Discover how to give gifts and receive them with compassion
The simple act of relating to others — in families, with friends or as a fleeting interaction between strangers — can be fraught with needless division, angst, self-doubt and confusion. This problem is often couched in goodwill, particularly in times of celebration when, we are told, it’s more important to give than to receive. In fact, the very act of giving is synonymous with selflessness and considered quintessentially good.
Yet is this assumption necessarily healthy, balanced or correct?
Giving presents is fun and traditional, sure, but did you ever stop to ask: what does it mean to give? Take, for example, my reaction to a door-to-door salesperson. I might see their lips move but I don’t hear the words. My mind’s voiceover suspiciously intercedes like a badly dubbed film, asking, “What are you selling?” Most people don’t feel connected to door-knocking salespeople because they have an agenda behind their smiles.
Seen in this context, giving is a state of separation, says Kim Hutchison, a teacher-healer at livingasyoursoul.com and author of How to Live as Your Soul. And it’s from this state that we’re often encouraged to relate to others. “We ask, ‘Am I giving enough?’ or ‘Am I giving too much?’,” says Hutchison.
This agenda-driven behaviour inevitably takes on a life of its own, as it leads us to ask: “How do I give openly and generously and avoid being taken advantage of?” “Am I giving more to them than they are to me?” As Hutchison says, “It’s I, I, I, me, me, me. Where is the other person in this narrative?”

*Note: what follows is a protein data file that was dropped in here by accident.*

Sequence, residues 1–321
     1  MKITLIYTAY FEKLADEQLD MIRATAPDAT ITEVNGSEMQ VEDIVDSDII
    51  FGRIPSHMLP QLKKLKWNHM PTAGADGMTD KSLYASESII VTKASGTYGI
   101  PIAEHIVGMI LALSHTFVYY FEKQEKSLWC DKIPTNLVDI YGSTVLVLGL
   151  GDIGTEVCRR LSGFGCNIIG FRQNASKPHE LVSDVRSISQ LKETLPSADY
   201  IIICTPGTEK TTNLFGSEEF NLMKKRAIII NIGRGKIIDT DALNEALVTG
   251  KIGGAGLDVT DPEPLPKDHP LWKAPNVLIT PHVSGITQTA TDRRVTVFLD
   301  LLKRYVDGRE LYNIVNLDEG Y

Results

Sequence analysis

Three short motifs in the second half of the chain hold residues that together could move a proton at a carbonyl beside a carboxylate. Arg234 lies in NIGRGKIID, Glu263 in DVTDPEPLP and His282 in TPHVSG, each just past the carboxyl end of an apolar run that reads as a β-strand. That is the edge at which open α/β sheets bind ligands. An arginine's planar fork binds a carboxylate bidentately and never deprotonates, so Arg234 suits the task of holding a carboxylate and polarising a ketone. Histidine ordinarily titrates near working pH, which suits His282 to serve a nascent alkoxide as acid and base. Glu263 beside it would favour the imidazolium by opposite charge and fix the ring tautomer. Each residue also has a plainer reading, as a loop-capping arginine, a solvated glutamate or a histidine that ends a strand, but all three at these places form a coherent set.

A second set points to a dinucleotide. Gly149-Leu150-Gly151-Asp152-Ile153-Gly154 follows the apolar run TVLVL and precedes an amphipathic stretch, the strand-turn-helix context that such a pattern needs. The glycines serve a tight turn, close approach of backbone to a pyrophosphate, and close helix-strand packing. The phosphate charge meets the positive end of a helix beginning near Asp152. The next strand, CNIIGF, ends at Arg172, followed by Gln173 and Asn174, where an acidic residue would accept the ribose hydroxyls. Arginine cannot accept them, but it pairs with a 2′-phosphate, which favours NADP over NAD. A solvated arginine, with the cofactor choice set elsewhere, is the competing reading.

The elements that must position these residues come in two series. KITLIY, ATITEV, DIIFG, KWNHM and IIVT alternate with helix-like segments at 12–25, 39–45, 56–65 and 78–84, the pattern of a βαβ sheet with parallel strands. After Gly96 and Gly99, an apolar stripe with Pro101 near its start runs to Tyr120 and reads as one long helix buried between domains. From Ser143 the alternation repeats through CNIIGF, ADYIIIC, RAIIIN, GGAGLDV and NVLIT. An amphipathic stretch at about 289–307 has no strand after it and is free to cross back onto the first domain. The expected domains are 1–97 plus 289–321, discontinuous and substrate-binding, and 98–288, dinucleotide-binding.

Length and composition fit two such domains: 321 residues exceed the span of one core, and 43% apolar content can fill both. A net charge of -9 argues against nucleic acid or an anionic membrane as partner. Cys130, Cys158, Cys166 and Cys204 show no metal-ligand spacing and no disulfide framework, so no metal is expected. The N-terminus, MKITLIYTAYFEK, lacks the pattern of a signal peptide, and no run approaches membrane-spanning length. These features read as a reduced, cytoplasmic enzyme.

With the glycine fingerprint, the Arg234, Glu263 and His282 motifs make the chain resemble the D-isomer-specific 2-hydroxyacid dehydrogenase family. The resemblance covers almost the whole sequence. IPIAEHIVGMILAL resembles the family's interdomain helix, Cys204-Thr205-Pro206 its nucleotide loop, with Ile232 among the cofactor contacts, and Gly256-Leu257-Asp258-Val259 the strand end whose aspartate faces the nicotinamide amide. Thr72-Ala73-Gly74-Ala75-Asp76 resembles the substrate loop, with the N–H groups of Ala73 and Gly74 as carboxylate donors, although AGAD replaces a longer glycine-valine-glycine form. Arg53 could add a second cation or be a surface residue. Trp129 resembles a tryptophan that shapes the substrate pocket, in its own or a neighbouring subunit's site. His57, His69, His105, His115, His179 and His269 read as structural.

The greatest gift comes when you’re present; when you receive someone, without condition, for who they are.
The greatest gift comes when you’re present; when you receive someone, without condition, for who they are. It’s in this state of being that you are you true self. It’s in this moment — free from any mental chatter that clouds your judgement of others — that another person can also open up and experience their true self.
“Receiving starts with the willingness to receive another,” says Hutchison. “It’s this that creates the energy of connection. When you are present with yourself, you become more open to receiving another and they become more able and open to receiving you, and then clarity of communication is created.”
According to Hutchison, it’s this moment that creates the energy of intimacy. “When you become intimate with another it’s then that you experience a connection with your own soul, your own power and presence,” she says. “And when you experience that connection, it’s then that you are able to experience connection with another’s soul. What’s being communicated is consciousness, not pre-conditioned behaviour. When we communicate through consciousness, we actually receive another and the receiving cycle continues.”